As the PGA TOUR’s CareerBuilder Challenge teed off at PGA West’s Stadium and Nicklaus Tournament courses, as well as at the La Quinta Country Club in La Quinta, Calif., 1963 winner Jack Nicklaus took a moment to reflect on the early days of the event—which was nothing short of a career builder for the record 18-time major champion and the man considered golf history’s greatest.
Today’s CareerBuilder Challenge has the marquee name draw of stars like Phil Mickelson, Jon Rahm, Jason Dufner and many others. But a half-century ago, the marquee name was Bob Hope, and the roll call of stars included Nicklaus, Gary Palmer and Arnold Player.
It’s also where Nicklaus and long-time caddie Angelo Argea met, played, and won together for the first time. And it’s where Nicklaus’ relationship with Hope—the iconic comedian, actor, singer, and TV star—blossomed into a close friendship.
Long before it was the CareerBuilder Challenge, this week’s TOUR stop was played as the Bob Hope Desert Classic—allowing Hope, a man of all seasons—to delve deeper into his athleticism and love of golf. The legendary performer was also the tournament’s indelible master of ceremonies.
Nicklaus sat down this week and looked back on his victory in 1963, and how the five-round format tested his tolerance of pain that resulted from a left hip injury suffered on the final hole of a pro-am round in San Francisco the week prior.
“I shot 65 in a playoff to beat Gary Player,” Nicklaus said of the 1963 win in what was then called the Palm Springs Desert Golf Classic. “How in the world I played and won, I don’t have any idea, but I did.”
It was his fourth win on TOUR behind his 1962 victories in the U.S. Open, the Seattle World’s Fair Open Invitational, and the Portland Open Invitational—and it was an important milestone in Nicklaus’ record-setting career.
“That Palm Springs win set me up for my preparation for Augusta,” he recalled. “I had always played left to right, and because of the hip injury, I couldn’t play left to right at that particular time. I couldn’t swing into my hip, so I started trying to play right to left because I could swing around my hip. That gave me a different preparation for the Masters, and when I got to Augusta, which favors a right-to-left shot, I was able to swing and hit the ball playing right to left.”
The result at Augusta National, and just eight weeks after winning in the desert, was the first of the Golden Bear’s record six Green Jackets. “Palm Springs was a big swing in my life and in my game,” he said.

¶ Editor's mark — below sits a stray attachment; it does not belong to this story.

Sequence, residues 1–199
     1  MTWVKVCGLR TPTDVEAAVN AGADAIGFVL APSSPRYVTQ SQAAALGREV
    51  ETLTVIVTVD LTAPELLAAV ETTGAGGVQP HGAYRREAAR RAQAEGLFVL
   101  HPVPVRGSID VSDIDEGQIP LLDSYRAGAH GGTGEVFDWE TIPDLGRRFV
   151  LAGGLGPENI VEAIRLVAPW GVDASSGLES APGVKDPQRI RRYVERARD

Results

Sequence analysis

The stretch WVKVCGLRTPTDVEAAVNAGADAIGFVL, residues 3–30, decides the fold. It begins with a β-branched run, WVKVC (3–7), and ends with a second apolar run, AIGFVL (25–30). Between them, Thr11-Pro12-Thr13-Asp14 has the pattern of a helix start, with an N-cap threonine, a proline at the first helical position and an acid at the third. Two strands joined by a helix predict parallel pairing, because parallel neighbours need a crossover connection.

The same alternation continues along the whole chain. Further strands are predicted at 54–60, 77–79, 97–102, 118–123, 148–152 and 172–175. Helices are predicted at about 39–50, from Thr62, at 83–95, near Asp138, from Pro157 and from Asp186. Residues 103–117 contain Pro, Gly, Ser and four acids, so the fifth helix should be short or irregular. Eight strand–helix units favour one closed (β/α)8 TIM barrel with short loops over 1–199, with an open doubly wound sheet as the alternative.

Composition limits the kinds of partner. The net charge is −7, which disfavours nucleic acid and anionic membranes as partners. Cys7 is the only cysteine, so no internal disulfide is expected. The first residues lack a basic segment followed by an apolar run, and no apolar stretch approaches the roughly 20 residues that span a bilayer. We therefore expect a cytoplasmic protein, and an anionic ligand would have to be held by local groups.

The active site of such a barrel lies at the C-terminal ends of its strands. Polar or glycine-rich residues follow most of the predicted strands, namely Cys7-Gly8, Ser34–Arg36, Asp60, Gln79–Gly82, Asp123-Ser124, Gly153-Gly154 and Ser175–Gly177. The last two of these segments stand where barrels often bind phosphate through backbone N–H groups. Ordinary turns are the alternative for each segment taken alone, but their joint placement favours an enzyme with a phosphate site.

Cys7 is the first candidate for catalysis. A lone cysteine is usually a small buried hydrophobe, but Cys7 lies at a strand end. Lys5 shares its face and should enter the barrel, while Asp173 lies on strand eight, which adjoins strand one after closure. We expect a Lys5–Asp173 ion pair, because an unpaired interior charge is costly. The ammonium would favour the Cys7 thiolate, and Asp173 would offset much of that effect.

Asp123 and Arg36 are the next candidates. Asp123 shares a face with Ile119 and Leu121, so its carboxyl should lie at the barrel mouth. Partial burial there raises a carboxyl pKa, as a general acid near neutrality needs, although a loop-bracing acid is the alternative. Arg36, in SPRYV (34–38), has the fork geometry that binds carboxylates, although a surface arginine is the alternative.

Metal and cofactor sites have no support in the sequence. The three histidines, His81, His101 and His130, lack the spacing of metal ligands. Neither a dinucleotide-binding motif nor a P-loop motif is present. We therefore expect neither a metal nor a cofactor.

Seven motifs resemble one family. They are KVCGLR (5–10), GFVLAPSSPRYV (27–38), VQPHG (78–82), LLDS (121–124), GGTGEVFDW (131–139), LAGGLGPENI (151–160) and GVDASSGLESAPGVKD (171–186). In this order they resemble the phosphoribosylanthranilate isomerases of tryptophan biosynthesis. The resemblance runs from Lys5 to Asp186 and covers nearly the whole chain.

Nicklaus won five of the first six tournaments that Argea caddied for him—but he remembers the Hope being among the most fun events of the year.
“We all enjoyed it and had a great time,” Nicklaus said. “The TOUR was a little different in those days—it was a little more fun and not so serious about the tournaments. Going to Palm Springs and the jam sessions afterwards was fun.”
From 1965 to 2011, Hope’s name graced the tournament and his presence could always be felt. America’s biggest names, from presidents to celebrities to the pros, would come out to the Coachella Valley for great laughs and, sometimes, better golf.
The modern CareerBuilder Challenge remains true to its fun beginnings—but with an even greater focus on competition. This week’s field includes former PGA Champion and 2017 Memorial Tournament winner Jason Dufner, and 2016 Jack Nicklaus Award winner and PGA TOUR standout Jon Rahm. It’s also where 2016 FedEx Cup Playoff event winner Patrick Reed and five-time major champion Phil Mickelson made their 2018 season debuts, after both appeared on the winning U.S. Presidents Cup squad in 2017. Also in the field are major champions John Daly, Webb Simpson, Bubba Watson, and Mike Weir.
Live TV coverage is Friday through Sunday from 3:00 to 7:00 p.m. ET on Golf Channel, with a live stream also available online on nbcsports.com.
The CareerBuilder also elicits fond memories of the Golden Bear’s other legendary career—as one of the world’s most heralded and sought-after course designers.
The Nicklaus Tournament Course at PGA West opened in 1987, is ranked one of the Best Resort Courses in 2017 by Golfweek, and is a 10-time host of the event. Beauty and drama permeate the masterful design. Around every corner you will find a new challenge, including the rare feature of two island greens. At 7,204 yards long, the Nicklaus Tournament Course has a stroke rating of 75.3 and a slope rating of 143.
On the eve of the first round, Nicklaus’ design had Rahm feeling the most confident out of the three layouts.
“All three are outstanding courses and in amazing shape this time of year,” the 23-year-old said. “This area, the courses are always in really, really good shape, so it’s tough to pick one, but because I’m familiar with it, I would say the Nicklaus. This would be about my ninth round on this golf course, so I know it pretty well. But again, I feel like any other person, when you have a good day, any course is fit for you. It’s about making good shots.
“I believe the practice, working on your swing, and working on your technique should be done before the tournament, so that’s what I’ve done. You come here, you just learn the golf course, and that’s it.”
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